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Quantifying Rainfall Interception in the Urban Canopy

Three people examine equipment at the base of a tree behind a sign indicating the Tree Rainfall Capture Study site.
University of Tennessee

Quantifying Rainfall Interception in the Urban Canopy
August 14, 2019

Jon Hathaway, University of Tennessee

Urban stormwater is a major contributor to surface water degradation in the United States, prompting cities to invest in green infrastructure - methods that naturally capture, store, and slowly release runoff, such as urban trees. While rainfall interception for full canopy environments is well studied, limited research is available that characterizes the interception of open-grown trees, which are commonly found in urban areas. In this webinar, Jon Hathaway will share preliminary results of his research that studies the effect of rainfall event duration, intensity, and seasonal variations on the interception potential of urban trees in Knoxville, TN.


View the webinar podcast »

Rainfall Interception of Urban Trees in the Knoxville Area
Jon Hathaway
Assistant Professor
University of Tennessee


Resources Mentioned in the Webinar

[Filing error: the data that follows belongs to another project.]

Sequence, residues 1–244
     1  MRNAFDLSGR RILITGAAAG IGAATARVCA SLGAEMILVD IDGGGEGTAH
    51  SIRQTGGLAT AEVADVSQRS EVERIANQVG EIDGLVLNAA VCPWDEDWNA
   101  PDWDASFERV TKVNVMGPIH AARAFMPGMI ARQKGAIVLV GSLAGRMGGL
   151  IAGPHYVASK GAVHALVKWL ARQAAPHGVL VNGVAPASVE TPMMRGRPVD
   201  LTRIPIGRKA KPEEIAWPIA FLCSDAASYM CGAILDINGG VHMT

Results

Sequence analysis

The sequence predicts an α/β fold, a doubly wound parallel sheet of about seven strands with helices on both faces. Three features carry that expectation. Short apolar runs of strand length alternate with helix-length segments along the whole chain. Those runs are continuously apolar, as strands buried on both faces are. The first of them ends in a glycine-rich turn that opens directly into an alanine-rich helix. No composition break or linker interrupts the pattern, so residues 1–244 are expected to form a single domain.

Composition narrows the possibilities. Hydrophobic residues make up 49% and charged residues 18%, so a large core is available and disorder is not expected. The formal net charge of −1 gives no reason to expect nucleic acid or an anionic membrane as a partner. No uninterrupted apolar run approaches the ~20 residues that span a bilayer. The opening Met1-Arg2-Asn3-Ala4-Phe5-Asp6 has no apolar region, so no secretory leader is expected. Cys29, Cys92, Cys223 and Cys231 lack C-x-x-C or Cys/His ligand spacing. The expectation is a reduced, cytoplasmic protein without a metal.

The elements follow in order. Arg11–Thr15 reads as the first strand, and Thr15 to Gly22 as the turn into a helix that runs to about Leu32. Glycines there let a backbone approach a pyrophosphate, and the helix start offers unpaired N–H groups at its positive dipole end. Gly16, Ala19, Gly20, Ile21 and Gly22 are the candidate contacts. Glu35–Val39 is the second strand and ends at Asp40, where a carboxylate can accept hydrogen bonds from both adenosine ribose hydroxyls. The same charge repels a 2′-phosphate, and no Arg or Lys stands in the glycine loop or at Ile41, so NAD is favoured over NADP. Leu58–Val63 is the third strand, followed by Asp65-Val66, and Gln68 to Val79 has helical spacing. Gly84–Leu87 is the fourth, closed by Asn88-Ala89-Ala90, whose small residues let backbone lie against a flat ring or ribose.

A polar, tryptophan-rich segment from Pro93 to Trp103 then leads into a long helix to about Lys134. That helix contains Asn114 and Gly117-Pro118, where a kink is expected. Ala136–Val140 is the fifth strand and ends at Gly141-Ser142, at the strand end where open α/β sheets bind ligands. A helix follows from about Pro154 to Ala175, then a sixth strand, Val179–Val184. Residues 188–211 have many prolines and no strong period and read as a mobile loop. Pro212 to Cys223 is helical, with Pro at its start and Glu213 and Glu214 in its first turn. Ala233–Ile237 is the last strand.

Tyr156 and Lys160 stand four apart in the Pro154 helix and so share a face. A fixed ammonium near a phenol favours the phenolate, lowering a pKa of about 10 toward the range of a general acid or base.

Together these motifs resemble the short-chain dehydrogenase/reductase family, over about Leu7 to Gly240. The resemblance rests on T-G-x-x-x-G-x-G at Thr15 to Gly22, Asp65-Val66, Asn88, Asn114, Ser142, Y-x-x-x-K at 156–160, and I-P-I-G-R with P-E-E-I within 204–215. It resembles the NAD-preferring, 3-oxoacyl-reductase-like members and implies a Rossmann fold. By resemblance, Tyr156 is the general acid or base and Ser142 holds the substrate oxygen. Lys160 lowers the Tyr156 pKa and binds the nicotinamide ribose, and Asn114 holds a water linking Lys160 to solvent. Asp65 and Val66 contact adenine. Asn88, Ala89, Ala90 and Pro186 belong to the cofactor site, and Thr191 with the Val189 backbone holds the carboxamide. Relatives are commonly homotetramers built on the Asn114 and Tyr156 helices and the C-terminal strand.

Quantifying the Benefits of Urban Forest Systems as a Component of the Green Infrastructure Stormwater Treatment Network
This article, published in Ecohydrology, highlights existing research, documents areas of need for quantifying the benefits of urban trees for stormwater management, and provides a basis for providing credits for trees in stormwater designs.

Making Urban Trees Count
This website provides downloads of products related to two urban tree planting credits developed by the Center for Watershed Protection with funding from the U.S. Forest Service.

US Forest Service Resources

Trees & Stormwater
Developed in partnership with the Ohio Kentucky Indiana Regional Council of Governments and other partners, this interactive guide informs local decision makers of options and best practices for including trees in stormwater facility design regulations and policies. It includes case studies, methods, benefit calculators, and guidance on how adding trees can boost overall system performance, often at lower costs.

More Than Good Looks: How trees influence urban stormwater management in green infrastructure practices
This Urban Forest Connections webinar presents recent research results from studies designed to characterize the health of trees in bioretention practices and shares observations from managing bioretention and detention ponds, noting how design, installation, and maintenance practices affect tree health and water quality function.